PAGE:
Closer to Heaven review Union Theatre
In the fickle world of musical theatre productions, it’s difficult to predict the fortunes of any show but even the most optimistic of souls couldn’t have foreseen the Union Theatre’s revival of Closer to Heaven selling out its entire run, weeks before it even started. The musical originally ran for less than five months in the West End in 2001 and this marks its first professional reappearance in the UK, the natural home of a show with such a British pedigree – a book by Jonathan Harvey and music and lyrics by the Pet Shop Boys.
Set in and around the sexually-experimental and drug-swizzling crowd of a London gay club in 2000, Harvey’s book is no great shakes. Recent Irish émigré Straight Dave starts work at the club, falls instantly in love with the gay boss’s long-estranged daughter, then meets a fit young drug dealer and falls instantly in love with him too. Sub-plots aplenty distract the attention, though keep your eye on that bag of ketamine, but Gene David Kirk’s astute production focuses in on the musical potential of the piece, pumping the theatre full of hedonistic attitude and club beats.
This it does through sharp and sexy choreography from Philip Joel, plus Barbara Williams’ eye-catching costume design, that struts and thrusts proudly right into the faces of the audience – the seven-strong ensemble do strong work here amid David Shields’ set with its effectively vivid lighting from Tim Deiling. Patrick Stockbridge’s musical direction from a DJ box on high spins through Neil Tennant and Chris Lowe’s sonically cohesive score from its torch songs and boyband hits to slices of high camp and stone cold Pet Shop Boys classics (not that these last two are mutually exclusive of course).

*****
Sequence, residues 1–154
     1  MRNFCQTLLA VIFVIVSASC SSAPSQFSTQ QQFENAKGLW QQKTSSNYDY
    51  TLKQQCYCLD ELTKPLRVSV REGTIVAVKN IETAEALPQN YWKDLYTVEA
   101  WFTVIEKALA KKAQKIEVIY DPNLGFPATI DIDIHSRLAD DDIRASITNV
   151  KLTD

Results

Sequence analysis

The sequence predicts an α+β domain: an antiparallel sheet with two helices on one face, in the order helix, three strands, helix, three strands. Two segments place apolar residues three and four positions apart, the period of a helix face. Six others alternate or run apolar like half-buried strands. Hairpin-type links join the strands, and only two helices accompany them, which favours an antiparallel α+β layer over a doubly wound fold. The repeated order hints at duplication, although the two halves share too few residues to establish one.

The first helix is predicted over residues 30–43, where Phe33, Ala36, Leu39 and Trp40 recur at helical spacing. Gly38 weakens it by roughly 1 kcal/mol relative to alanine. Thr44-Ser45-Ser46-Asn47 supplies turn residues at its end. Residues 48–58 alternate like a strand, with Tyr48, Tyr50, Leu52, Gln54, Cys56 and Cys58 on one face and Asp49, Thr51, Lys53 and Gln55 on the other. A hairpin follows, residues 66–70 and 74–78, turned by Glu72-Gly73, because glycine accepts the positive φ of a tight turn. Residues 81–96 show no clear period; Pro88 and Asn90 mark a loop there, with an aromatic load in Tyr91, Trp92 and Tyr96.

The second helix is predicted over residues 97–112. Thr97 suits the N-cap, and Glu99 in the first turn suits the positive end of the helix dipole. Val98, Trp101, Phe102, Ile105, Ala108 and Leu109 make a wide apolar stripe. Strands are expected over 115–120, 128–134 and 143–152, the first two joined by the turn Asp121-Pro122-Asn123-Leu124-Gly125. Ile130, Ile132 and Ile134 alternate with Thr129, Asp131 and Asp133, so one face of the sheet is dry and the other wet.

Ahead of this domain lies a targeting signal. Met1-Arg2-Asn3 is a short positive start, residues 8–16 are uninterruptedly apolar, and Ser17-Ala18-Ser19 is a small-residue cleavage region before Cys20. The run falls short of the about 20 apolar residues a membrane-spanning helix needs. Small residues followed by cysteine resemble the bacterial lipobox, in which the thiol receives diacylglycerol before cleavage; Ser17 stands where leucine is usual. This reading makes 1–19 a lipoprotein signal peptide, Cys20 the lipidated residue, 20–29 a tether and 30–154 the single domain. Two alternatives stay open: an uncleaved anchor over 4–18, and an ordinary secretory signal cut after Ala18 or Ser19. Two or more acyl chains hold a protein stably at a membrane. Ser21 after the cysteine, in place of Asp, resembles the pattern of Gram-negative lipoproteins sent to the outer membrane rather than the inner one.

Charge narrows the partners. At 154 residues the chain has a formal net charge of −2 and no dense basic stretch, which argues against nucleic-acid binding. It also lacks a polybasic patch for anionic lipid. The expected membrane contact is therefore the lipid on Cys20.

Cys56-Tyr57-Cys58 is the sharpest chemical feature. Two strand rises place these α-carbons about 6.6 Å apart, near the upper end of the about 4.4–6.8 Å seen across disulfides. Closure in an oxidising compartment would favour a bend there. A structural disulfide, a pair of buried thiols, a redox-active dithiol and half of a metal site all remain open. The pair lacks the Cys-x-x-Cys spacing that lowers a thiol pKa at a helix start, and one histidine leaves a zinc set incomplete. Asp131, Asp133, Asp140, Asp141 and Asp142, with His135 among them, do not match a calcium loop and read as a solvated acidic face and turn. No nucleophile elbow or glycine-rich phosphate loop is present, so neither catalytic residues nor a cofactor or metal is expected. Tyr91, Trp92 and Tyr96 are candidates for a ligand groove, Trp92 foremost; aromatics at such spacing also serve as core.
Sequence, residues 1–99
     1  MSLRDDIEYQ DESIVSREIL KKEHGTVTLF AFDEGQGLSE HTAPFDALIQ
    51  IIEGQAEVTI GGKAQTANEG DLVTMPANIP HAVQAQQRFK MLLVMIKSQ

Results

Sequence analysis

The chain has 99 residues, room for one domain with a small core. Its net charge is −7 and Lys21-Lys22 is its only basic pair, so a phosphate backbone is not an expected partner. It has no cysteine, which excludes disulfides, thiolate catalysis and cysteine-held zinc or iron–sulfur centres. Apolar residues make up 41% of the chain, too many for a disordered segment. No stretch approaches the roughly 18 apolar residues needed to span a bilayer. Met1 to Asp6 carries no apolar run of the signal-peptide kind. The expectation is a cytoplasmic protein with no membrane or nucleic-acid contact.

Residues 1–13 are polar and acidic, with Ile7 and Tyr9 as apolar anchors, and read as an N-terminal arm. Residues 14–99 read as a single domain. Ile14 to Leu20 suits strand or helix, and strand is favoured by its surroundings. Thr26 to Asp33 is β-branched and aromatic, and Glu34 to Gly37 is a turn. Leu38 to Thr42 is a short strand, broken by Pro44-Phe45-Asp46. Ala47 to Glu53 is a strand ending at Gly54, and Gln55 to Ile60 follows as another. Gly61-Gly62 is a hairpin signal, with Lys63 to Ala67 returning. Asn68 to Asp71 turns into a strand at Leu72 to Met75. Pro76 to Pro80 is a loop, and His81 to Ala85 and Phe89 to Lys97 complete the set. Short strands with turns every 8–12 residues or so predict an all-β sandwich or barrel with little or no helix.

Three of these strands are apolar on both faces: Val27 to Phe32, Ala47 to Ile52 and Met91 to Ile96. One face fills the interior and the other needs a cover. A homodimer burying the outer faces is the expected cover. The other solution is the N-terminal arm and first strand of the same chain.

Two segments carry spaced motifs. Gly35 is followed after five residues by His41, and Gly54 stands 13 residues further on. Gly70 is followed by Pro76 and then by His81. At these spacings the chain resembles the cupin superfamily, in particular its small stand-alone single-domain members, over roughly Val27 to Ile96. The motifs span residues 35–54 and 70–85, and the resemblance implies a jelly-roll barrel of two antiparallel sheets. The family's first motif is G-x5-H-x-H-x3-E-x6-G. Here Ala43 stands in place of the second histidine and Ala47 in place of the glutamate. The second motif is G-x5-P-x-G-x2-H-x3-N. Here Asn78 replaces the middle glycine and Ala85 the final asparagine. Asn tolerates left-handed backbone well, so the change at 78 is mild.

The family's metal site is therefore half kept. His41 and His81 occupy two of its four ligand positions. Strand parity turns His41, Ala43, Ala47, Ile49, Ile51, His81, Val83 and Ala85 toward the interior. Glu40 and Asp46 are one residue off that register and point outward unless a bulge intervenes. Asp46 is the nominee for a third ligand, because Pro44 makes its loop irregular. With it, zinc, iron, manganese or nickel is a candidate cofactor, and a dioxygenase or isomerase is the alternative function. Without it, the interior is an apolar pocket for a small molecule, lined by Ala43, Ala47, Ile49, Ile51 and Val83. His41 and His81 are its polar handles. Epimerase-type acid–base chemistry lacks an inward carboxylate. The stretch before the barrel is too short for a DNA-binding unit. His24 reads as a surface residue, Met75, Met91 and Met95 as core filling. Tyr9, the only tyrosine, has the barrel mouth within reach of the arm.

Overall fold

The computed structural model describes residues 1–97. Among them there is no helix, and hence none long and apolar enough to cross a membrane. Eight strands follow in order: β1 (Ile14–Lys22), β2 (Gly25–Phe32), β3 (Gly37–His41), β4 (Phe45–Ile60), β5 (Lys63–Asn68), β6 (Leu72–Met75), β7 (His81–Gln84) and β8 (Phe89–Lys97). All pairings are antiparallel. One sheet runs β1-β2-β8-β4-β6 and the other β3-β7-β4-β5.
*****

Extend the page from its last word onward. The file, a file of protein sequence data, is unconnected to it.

And they’re performed with a knowing sense of fun by the likes of Katie Meller’s vampy Billie Tricks who is the club hostess who doles out her hard-earned advice as often she snorts a little something to keep her going, Jared Thompson’s fresh-faced and clean-voiced Straight Dave whose self-assurance on the dancefloor is matched only by his indecision about who he wants on his bedroom floor, and Connor Brabyn’s swaggering Mile End Lee, brimming with lean sexuality and confidence with everyone he meets, but touchingly awkward when an emotional connection with Dave rears its head.
It’s a shame that the putative gay love story arrives so late in the day as by then, the unconvincing family strife between father and daughter and the sauna-based shenanigans of a sleazy record producer have worn patience rather thin due to the persistently threadbare writing. And though the melodic title track is cleverly reprised by three different couples, subtly shifting its lyrical meaning each time, by the time it reappears for at least the sixth time at the show’s end, it’s less an earworm and more a ringing in the ears. To borrow from the Pet Shop Boys, “never been closer to heaven, never been further away”.
Closer to Heaven runs at the Union Theatre from Wednesday 22nd April to Saturday 23rd May 2015